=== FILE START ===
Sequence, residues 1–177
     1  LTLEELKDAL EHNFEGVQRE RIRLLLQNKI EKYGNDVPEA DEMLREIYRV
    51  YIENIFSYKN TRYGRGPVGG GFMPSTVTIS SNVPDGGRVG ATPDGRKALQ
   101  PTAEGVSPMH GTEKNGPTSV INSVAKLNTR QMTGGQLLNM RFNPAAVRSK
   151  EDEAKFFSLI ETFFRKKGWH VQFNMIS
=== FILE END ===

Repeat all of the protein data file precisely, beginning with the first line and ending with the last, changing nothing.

Sequence, residues 1–177
     1  LTLEELKDAL EHNFEGVQRE RIRLLLQNKI EKYGNDVPEA DEMLREIYRV
    51  YIENIFSYKN TRYGRGPVGG GFMPSTVTIS SNVPDGGRVG ATPDGRKALQ
   101  PTAEGVSPMH GTEKNGPTSV INSVAKLNTR QMTGGQLLNM RFNPAAVRSK
   151  EDEAKFFSLI ETFFRKKGWH VQFNMIS